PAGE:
Dismissing the recent sparring between the Congress and Mamata Banerjee as "vicissitudes" of politics, Sibal stressed that a "clear mandate ultimately" is required if an element of certainty has to come to policy making. He told Karan Thapar on CNBC's 'India Tonight' programme that Mamata's support to the Lokpal Bill would not have made a difference as the government did not have numbers in the Rajya Sabha and the Opposition decided to move the amendments only after realising it.
Asked about the Trinamool Congress supremo's role, he said, "Even if she would have been on our side, we would not have been able to pass the bill." On whether it was not the UPA ally that made the government roll back its decision on brining FDI in retail, Sibal replied in negative saying it was reversed as "Parliament became dysfunctional" for which he put the blame on the Opposition, including the BJP.
He, however, said, "We are a coalition government. We do not have majority in Parliament. We have ideologies, which are disparate. We have to cobble up a government to give some direction to the nation. What we need is a clear mandate ultimately by the people of India to bring the element of certainty to policies and ideologies." His remarks came when asked whether the prime minister has got the spirit to carry on amid the odds stacked against the government and with the resistance to the government's decisions coming not only from Opposition but also allies.
Asked about the recent controversy between the Congress and Trinamool Congress in West Bengal over the proposal to rename Indira Bhavan, Sibal said, "These are all things that happen in politics. We will go through these vicissitudes and we will come around it. Do not worry about that." He also rubbished rumours of the possibility of change of guard at the Centre before the completion of the term of the current Lok Sabha, insisting that Prime Minister Manmohan Singh will complete his full term. "The prime minister will complete his term. This has been stated more than once by Mrs (Sonia) Gandhi...that the party is fully behind the government. Doubting Thomases can always doubt because that is their hope that it would happen," he said.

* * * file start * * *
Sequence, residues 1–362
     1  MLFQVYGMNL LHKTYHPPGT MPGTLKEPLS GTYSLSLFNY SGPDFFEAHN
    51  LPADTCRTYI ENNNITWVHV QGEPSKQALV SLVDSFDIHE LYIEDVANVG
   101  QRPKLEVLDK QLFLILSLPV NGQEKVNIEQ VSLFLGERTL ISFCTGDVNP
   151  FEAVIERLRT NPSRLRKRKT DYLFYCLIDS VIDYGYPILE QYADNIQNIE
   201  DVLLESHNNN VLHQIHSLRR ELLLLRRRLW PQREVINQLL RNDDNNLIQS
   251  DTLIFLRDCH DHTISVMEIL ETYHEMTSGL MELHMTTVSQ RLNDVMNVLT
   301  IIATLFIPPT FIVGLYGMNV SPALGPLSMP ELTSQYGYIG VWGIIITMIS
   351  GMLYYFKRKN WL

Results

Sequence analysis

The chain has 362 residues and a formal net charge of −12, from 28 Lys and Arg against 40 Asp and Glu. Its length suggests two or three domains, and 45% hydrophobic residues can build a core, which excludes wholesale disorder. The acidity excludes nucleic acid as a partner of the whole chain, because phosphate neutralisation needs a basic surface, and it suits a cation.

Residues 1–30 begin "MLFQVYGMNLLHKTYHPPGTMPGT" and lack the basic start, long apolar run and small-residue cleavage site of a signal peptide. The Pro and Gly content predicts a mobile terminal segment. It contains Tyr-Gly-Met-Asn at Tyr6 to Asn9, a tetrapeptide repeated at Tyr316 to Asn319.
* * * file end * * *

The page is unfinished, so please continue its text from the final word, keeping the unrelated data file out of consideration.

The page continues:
Attacking the Opposition for playing "obstructive politics", he alleged there were enough facts to prove that their strategy was to defeat the Lokpal Bill. The BJP wanted to press for amendments to use it during elections to claim that they made the Lokpal Bill stronger while at the same time ensuring that there would no Lokayuktas in states ruled by them, he said. The minister said he was worried about the polity and ideology of the BJP saying the main Opposition party believes in actually "obstructing and paralysing" Parliament.
"If a leader of the Opposition of a national party says that obstruction is part of Parliament tactics and it becomes embedded in the ideology of the national party, it's a sad day for the Indian nation," Sibal said adding that the "charge of murdering democracy should actually be on the BJP."
Maintaining that running Parliament smoothly is a "joint responsibility", Sibal said that during the height of the Lokpal controversy he had attempted to meet a senior BJP leader, who declined to meet him despite giving three appointments. He, however, declined to name the leader.